Liverpool have a habit of signing Southampton’s best players. In 2014, they moved for Dejan Lovren, Adam Lallana and Rickie Lambert and, in 2015, they brought in Nathaniel Clyne. It was no real surprise, then, when they signed Sadio Mane from the South Coast club on 28 June. But the transfer, at the time of its completion, was in no way viewed as a sure thing.
£34 million may not be a lot of money by today’s Premier League standards, but it remains an eye-watering amount to spend on an attacking player who, while undoubtedly talented, remained raw and of questionable end product. This was the widespread perception of Mane, who arguably brought with him to Anfield more uncertainties than he did solutions.
However, after just six league appearances for his new side, the Senegalese winger has not only already bedded in, but thrived within the Liverpool’s setup. He hasn’t answered rebutted everyone’s doubts just yet, but he is well on the way to doing so in double-quick time. Ironically, double-quick time would make an adequate bitesize description of his playing style.
His speed, skill and direct running, among other traits, have added cutting edge to Jurgen Klopp’s forward line. And as for the uncertainty over his end product? Well, a rate of one goal every two Premier League games has nipped that in the bud. His ability to transition seamlessly into Klopp’s system appears to stem from an earlier time in his career.
Let’s rewind to the summer of 2013, approximately one year before Liverpool began buying up Southampton stars like there was a sale on. Mane was unknown to most outside of (and, in all likelihood, most inside of) France, where he had spent one season plying his trade with Metz. Mane was 20 years of age, and Metz had just been relegated to the French third tier. It was then that Red Bull Salzburg moved to sign the player, spending €4 million in the process.
Once in Austria, Mane would work under Roger Schmidt, a German coach who is now in charge of Bayer Leverkusen. Schmidt, since his time with
“He [Schmidt] was a big influence on my career thanks to the way he believed in me and helped me so much,” he told the Liverpool echo. “I was still young when I went to Salzburg and working under him really helped me to grow up and grow up as a player. I learned about tactics and different ways to play the game.”
Schimdt’s style is one based on intense pressing and counter-pressing, themes that were also seen in Klopp’s Dortmund and, now, in the passionate German’s Liverpool side. That Mane succeeded with Schmidt—during their two years together in Austria, the player scored a remarkable 29 goals in 59 league appearances—is something that goes some way to explicating the speed with which he has adjusted to working under Klopp this season.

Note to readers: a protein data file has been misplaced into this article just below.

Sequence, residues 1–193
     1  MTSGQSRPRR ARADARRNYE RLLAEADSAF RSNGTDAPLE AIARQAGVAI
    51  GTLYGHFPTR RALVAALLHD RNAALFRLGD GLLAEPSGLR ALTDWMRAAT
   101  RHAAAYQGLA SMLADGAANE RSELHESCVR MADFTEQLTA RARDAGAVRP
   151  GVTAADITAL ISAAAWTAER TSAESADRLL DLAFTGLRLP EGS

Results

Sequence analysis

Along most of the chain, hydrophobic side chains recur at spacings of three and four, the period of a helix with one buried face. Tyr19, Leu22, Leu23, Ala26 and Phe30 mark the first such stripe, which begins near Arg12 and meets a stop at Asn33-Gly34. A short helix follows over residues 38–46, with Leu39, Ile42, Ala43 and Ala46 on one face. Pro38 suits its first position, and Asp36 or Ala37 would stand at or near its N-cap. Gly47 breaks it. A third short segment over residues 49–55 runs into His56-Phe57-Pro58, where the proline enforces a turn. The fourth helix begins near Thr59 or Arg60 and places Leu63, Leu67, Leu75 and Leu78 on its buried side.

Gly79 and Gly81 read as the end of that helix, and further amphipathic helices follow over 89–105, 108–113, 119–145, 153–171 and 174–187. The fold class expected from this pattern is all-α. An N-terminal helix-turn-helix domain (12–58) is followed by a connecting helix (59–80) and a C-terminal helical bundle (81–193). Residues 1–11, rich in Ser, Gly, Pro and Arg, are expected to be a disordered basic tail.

The manager himself isn’t particularly surprised about the player’s smooth transition, something he made clear after the 5-0 win over Championship side Burton Albion in the EFL Cup, a game in which Mane had a hand in three goals. “I really like this player, but I don't like to talk too much after only two games for him,” Klopp told the press. “We knew of his qualities and how they fit our style, which is why we brought him here. It's not that we have to pat ourselves on the back every day at signing him.”
With Liverpool, Klopp has implemented roughly the same 4-2-3-1 shape used during his time at Dortmund. Jordan Henderson and Georginio Wijnaldum normally take up the deeper midfield positions, while Adam Lallana pushes forward to join two of Philippe Coutinho, Roberto Firmino and Daniel Sturridge.
In this system, Mane has been deployed as the right winger, though he has a fair amount of creative license to cut in from the flank and operate closer towards the centre of the pitch, in what is known by analysts as the ‘half-space’, in turn freeing up space for right-back Nathaniel Clyne to occupy a more advanced wide position. From a more central area, Mane not only torments opposition centre-backs, but also provides a forward vertical pass to his deeper team-mates to play through an opponent’s midfield line.
The 24-year-old’s nimble footwork and direct running make him a tricky proposition to dispossess and his fluid movement has added greater dynamism, but the most important element he has brought to Liverpool’s attack is pure speed. This trait forces opponents to think twice about operating with a high defensive line in the knowledge that he has the athleticism to exploit space behind. And, if they do then decide to play deeper, this only frees up more space for the lustrous skills of Coutinho, Firmino and Lallana between the lines.
Club legend Phil Thompson spoke of Mane’s importance to the team in this sense, stating that:
“If you’re looking [for] a player who has transformed a side and injected what they needed then it’s Sadio Mane. I think it’s all about…the pace he has injected. It is the one thing this Liverpool team lacked. Firmino, Philippe and Lallana have all been great but … he’s brought the best out of them. His pace to drag defenders back allows these players play and I think he’s had a massive impact.”
Mane’s immediate impact has seen him go from potential transfer window misjudgement to bargain buy inside six games. And, while pundits now see him as integral to Liverpool’s positive beginning to the Premier League campaign, the player lays the credit at Klopp’s feet.
“Everybody knows their job,” he recently told the press. “Roberto, Coutinho, [Sturridge, Lallana] – we know each other’s game. It’s become easier for us … and we are enjoying playing this way. Whether I’m starting up front or out wide isn’t really the most important thing. The manager says be free and then get into dangerous areas where you can hurt the opposition.”